"Bob [Curl] kept his cool. He inspected the model. Then he said that he would only believe it if the bonds worked out in the conventional fashion of other aromatic molecules....... Rick had called it a day in the early hours without going this final distance. He had done enough origami for one night. In the event, it was readily shown with more sticky tape that the double and single bonds went round the sphere in alternating pattern. It passed the Curl Test. It really was special."
The new form of carbon was cumbersomely named "Buckminsterfullerene" in honour of the inventor of the geodesic dome, or "buckyballs" for short. (I cannot help thinking, however, that simply "Fullerene" would have been more manageable and elegant.)
Since then the chemists of the world have been busily engaged in working out related forms of carbon having the shapes of other polyhedra with different numbers of atoms or constructed as long unclosed tubes. What practical use will all be? We have to admit that we do not yet know for certain. Many exciting ideas have been put forward; an immense amount of research is being carried out in numerous laboratories throughout the world, and it will remarkable if nothing comes of this wholly unexpected extension of organic chemistry, the chemistry of life itself.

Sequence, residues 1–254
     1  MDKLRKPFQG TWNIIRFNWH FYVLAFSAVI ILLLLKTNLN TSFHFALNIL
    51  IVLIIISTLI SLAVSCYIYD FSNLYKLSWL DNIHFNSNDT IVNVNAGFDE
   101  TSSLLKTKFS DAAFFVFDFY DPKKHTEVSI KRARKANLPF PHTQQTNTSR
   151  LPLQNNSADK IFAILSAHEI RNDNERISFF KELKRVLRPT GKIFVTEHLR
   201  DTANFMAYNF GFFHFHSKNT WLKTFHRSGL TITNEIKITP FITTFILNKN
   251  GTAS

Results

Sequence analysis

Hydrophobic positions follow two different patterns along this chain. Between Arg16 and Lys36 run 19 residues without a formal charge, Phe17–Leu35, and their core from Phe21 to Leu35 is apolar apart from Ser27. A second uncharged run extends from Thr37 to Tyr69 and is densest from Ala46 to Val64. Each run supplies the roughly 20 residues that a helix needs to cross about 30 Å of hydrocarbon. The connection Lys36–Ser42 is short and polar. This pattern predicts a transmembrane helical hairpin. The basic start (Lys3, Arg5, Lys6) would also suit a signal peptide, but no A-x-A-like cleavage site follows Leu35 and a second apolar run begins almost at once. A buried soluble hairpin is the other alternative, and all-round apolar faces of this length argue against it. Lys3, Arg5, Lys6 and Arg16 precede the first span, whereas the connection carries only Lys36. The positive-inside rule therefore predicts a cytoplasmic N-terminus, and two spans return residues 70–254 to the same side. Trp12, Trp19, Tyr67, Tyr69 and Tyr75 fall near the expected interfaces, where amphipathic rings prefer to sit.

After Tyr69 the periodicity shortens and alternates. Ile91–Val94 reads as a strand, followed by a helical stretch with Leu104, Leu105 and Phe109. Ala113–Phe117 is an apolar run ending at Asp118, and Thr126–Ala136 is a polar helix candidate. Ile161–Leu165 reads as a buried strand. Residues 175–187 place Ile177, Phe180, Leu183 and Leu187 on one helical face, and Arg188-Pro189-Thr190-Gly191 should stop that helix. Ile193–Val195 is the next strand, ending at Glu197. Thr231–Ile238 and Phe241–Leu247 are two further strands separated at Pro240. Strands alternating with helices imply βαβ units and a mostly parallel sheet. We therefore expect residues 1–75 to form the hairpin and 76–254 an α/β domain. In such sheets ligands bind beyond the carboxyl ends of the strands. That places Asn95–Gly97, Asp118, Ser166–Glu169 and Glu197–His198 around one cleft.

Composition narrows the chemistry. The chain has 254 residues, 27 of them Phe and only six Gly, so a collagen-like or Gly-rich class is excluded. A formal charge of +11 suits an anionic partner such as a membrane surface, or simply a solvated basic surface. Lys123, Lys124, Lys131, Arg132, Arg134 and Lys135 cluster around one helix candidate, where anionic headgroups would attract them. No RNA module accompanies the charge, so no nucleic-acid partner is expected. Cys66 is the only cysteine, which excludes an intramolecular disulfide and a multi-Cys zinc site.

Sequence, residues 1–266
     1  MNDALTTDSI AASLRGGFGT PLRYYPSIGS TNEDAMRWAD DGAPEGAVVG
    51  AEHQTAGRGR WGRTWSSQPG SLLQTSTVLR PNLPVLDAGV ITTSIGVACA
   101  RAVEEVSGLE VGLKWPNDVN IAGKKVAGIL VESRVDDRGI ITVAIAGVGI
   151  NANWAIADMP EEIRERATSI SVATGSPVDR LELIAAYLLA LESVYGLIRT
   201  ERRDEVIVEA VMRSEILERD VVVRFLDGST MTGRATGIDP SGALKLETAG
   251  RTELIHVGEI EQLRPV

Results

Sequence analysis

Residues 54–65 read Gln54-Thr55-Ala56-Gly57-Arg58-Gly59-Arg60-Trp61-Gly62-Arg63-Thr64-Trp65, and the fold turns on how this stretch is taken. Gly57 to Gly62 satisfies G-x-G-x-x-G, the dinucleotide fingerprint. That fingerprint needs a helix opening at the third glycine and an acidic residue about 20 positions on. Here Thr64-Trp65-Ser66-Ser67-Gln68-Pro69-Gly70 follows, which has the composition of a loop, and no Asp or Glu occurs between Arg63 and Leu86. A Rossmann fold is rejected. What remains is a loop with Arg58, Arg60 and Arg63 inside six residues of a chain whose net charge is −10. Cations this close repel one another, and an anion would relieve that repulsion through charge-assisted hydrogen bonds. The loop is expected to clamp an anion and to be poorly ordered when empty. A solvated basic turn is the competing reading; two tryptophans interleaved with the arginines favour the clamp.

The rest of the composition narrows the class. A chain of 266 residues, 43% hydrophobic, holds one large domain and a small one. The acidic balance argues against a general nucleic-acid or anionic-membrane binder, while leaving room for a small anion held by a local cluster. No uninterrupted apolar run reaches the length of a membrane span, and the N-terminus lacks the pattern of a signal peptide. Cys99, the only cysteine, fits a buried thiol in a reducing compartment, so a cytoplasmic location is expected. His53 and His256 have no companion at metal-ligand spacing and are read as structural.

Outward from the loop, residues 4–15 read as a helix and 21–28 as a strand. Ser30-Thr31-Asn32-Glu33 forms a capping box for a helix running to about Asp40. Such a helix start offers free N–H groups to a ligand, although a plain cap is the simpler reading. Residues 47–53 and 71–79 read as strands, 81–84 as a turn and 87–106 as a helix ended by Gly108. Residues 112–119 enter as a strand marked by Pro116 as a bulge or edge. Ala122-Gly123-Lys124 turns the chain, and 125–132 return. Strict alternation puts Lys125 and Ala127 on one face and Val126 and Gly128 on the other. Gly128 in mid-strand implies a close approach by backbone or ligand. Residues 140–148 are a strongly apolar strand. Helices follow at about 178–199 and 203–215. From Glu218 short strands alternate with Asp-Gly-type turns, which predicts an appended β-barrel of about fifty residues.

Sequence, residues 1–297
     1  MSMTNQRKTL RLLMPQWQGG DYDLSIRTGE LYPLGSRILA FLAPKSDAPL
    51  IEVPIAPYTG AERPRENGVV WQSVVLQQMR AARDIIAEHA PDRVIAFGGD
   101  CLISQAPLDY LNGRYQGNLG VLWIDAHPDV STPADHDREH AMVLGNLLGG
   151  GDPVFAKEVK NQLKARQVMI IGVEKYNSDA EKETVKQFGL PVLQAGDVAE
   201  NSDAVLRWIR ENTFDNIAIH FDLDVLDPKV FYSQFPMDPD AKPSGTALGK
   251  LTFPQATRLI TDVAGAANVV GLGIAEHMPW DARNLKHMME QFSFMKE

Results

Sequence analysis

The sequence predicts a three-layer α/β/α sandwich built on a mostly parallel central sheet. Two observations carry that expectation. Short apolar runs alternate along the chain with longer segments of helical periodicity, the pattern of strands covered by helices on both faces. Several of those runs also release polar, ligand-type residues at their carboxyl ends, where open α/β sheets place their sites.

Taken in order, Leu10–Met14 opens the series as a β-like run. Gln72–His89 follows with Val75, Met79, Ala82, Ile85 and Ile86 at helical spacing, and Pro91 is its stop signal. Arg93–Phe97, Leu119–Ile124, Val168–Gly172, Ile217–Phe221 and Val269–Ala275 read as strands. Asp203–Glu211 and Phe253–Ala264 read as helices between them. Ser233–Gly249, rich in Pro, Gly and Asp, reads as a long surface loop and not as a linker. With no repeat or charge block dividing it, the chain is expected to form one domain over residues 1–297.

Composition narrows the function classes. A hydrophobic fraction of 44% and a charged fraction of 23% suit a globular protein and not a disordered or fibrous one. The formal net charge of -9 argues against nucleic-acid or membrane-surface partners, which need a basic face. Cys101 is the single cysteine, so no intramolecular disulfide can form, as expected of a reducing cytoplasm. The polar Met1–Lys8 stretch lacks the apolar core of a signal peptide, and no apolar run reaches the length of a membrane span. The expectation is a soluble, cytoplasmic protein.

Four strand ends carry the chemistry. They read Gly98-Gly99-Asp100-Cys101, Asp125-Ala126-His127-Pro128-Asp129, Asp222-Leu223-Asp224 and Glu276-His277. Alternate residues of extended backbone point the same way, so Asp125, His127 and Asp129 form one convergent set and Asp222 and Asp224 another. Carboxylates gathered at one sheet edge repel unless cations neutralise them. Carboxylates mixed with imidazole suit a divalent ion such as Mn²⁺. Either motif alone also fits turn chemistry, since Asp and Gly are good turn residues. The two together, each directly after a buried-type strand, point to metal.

Despite Rick Smalley's weariness with "origami", it would be stretching the point and completely unrealistic to claim that origami had much to do with the discovery of Carbon 60. Yet the incident reminds us that the most fundamental and important discoveries come from very simple concepts. Modular paperfolders have long been familiar with the structures of polyhedra of every kind. Mainstream origami, too, has its own peculiar geometry. Perhaps one day, that geometry itself will throw light on a scientific problem of the greatest importance and value for mankind, which at present nobody has ever dreamed about.
Later Rick Smally and Harry Kroto compared notes and found that in 1967 they had both made private visits with their wives to EXPO 67 at Montreal and had both been fascinated by the huge geodesic dome that formed the United States pavillion. They had not then the slightest inkling that one day the most elementary of geodesic domes would lead them to a fundamental discovery of incalculable importance Now they are united again. The two of them together with Bob Curl, have jointly been awarded the Nobel Prize for Chemistry. It is to be presented to them in Stockholm next Tuesday, 10th December.
David Lister Grimsby, England.